Compared to many of the other Oscar categories, “Best Film Editing” is often a tough one to predict. With “Best Cinematography,” “Best Art Direction,” and “Best Costume Design,” for instance, you can clearly see how each nominee demonstrated a mastery of their craft and set themselves apart from their peers. With editing, however, aptly called “The Invisible Art” of cinema, what’s been left out is just as important as what ends up in the final cut. The audience has no realistic way of knowing what compromises in performance the editor had to make in order to elucidate a specific plot point or which amazing shots couldn’t be used simply because they presented an inconsistency in story or character. Even a seasoned editor, who knows better than anyone else what the editorial process involves, may not be able to recognize a brilliant feat of editing without a glimpse of what was left on the cutting room floor. Sometimes a poorly written, haphazardly-shot mess of a story can be turned into something meaningful in the skillful hands of a top-notch editor, and similarly, a beautiful story can be butchered by an editor who doesn’t let the material find its own voice and tries to impose a style that doesn’t fit the material. (more…)
March 31, 2009
Whenever I see a producer freaking out about a piece of missing footage or an editor stressing about a deadline, I always remind myself that in the grand scheme of things what we do for a living is ultimately of little importance in the world as a whole. We’re not curing cancer, we’re not feeding homeless children, we’re not lobbying for legislation that will transform the health care system for millions of Americans. We simply make entertainment, and sometimes it’s easy to forget that.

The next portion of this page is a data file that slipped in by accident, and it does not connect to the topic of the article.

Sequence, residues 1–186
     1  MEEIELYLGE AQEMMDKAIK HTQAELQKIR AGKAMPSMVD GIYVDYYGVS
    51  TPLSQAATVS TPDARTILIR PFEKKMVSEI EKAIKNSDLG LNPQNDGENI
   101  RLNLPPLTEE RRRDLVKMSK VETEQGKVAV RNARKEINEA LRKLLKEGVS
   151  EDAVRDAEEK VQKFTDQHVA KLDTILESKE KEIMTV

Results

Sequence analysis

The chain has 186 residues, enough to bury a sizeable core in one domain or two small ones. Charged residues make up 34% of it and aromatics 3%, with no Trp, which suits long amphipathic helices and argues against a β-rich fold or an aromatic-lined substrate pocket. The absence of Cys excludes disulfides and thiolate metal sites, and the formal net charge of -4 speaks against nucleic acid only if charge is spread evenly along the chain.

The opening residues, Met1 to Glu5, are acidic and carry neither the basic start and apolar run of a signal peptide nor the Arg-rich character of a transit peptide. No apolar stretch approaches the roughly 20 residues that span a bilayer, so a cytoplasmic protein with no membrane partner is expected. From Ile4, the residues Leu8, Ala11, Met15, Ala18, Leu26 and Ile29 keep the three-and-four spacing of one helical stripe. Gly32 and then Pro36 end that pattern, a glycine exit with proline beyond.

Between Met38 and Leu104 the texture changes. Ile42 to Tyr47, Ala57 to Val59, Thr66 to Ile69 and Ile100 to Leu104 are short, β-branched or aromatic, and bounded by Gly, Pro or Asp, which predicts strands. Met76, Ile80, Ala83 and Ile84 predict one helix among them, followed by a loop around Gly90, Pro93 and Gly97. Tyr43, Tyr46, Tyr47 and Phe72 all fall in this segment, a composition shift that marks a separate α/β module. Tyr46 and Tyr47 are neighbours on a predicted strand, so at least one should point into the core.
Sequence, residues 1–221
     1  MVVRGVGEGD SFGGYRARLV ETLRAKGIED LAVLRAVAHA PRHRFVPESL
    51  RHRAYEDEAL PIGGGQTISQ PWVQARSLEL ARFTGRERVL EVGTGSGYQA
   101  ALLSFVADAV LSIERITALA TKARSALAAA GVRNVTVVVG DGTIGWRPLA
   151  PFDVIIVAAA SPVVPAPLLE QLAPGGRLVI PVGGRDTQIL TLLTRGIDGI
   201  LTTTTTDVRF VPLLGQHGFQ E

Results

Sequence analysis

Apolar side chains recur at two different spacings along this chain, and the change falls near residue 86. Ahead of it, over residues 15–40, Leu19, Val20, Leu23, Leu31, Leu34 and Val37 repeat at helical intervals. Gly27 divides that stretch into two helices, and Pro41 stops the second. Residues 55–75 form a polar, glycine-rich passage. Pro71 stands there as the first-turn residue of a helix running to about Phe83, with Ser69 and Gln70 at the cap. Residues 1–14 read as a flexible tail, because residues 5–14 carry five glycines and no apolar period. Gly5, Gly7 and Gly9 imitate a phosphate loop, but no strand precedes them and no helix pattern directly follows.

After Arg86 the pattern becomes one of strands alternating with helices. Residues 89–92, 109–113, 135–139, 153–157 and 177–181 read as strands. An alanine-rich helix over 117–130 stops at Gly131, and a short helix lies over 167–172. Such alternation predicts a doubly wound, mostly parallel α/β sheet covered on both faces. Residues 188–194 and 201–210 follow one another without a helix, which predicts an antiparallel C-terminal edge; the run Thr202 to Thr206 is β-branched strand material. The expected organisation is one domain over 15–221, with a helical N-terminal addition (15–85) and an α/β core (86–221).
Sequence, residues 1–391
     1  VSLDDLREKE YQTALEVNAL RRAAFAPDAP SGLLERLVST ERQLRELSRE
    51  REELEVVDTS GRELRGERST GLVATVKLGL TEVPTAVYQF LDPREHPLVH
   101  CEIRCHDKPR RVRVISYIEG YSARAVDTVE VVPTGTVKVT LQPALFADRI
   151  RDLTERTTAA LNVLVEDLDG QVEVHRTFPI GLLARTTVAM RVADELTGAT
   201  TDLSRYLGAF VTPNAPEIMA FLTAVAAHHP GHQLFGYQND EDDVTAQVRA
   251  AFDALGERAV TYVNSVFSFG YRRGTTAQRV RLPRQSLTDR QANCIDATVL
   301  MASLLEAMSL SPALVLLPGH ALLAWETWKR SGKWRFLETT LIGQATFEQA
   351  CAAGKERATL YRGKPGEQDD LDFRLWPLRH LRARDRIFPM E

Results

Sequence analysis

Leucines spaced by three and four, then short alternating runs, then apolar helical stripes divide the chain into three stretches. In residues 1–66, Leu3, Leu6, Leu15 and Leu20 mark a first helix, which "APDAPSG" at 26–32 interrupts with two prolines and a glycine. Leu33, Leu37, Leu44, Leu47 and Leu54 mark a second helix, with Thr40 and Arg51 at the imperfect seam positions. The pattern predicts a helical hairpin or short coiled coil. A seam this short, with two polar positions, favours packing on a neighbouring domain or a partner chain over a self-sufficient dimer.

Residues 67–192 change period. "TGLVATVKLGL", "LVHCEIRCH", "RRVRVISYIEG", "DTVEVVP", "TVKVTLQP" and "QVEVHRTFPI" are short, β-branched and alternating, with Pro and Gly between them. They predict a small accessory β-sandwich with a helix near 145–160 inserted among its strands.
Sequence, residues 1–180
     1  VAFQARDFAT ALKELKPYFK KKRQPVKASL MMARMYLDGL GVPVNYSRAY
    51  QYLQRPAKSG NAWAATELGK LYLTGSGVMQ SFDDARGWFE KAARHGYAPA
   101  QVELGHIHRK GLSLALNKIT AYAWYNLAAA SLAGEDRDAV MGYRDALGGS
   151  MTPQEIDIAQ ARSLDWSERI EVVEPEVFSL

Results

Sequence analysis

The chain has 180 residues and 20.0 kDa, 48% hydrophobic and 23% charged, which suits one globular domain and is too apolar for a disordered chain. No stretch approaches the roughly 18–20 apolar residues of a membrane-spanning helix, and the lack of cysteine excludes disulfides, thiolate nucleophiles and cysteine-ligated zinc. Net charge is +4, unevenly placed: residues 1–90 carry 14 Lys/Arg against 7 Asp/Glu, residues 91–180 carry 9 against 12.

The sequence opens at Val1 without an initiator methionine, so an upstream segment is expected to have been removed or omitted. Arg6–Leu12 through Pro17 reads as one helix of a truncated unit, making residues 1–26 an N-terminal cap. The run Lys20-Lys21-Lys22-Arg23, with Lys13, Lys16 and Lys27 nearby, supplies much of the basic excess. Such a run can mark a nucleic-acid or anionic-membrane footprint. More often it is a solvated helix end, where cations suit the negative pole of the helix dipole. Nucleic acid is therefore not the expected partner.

That being said, I think it’s important to let loose every once in a while and not take our jobs too seriously. With April Fools Day coming up tomorrow, here are a few practical jokes to bring smiles to the faces of your coworkers. Just make sure they don’t have an impending producer screening or network output, or you may find that the joke’s on you. Without further ado, I present to you – April Fools Jokes for Editors. (more…)
July 27, 2008
I’m a realist. Long ago I abandoned my dream of becoming a writer/director. It was around the time I realized I couldn’t pen a single sentence of meaningful dialogue or instruct an actor with any degree of confidence. Sometimes it’s best to be honest with yourself. But one thing I found myself drawn to in editing was how you could manipulate images and sounds to construct a perceived reality that was almost totally different from the conditions in which the material was recorded.
Any hack can string a bunch of images together; but as anyone with a real filmmaking sense knows, it takes a skilled artist to be able to control the numerous unseen factors that come into play when telling a story through images. Aside from the photographic decisions of camera placement and frame size that the editor takes into account, there are certain elements – emotion, tone, rhythm, pacing – that are more intangible and flexible when it comes to storytelling. (more…)